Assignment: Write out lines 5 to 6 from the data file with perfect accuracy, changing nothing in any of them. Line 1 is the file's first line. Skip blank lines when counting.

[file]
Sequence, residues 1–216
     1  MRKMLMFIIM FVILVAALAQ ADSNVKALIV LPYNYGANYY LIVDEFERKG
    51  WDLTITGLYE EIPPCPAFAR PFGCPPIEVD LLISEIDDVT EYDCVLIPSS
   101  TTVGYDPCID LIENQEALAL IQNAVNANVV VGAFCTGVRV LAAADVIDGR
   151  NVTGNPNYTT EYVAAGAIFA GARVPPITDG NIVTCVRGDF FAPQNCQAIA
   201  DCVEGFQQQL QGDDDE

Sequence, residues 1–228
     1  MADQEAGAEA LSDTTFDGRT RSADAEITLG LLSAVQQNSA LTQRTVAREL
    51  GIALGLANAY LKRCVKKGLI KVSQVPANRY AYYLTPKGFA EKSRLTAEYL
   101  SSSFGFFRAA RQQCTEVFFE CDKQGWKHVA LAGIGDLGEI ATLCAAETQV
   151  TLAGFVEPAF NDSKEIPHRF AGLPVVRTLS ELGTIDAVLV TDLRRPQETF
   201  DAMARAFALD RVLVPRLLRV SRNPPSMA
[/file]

   151  NVTGNPNYTT EYVAAGAIFA GARVPPITDG NIVTCVRGDF FAPQNCQAIA
   201  DCVEGFQQQL QGDDDE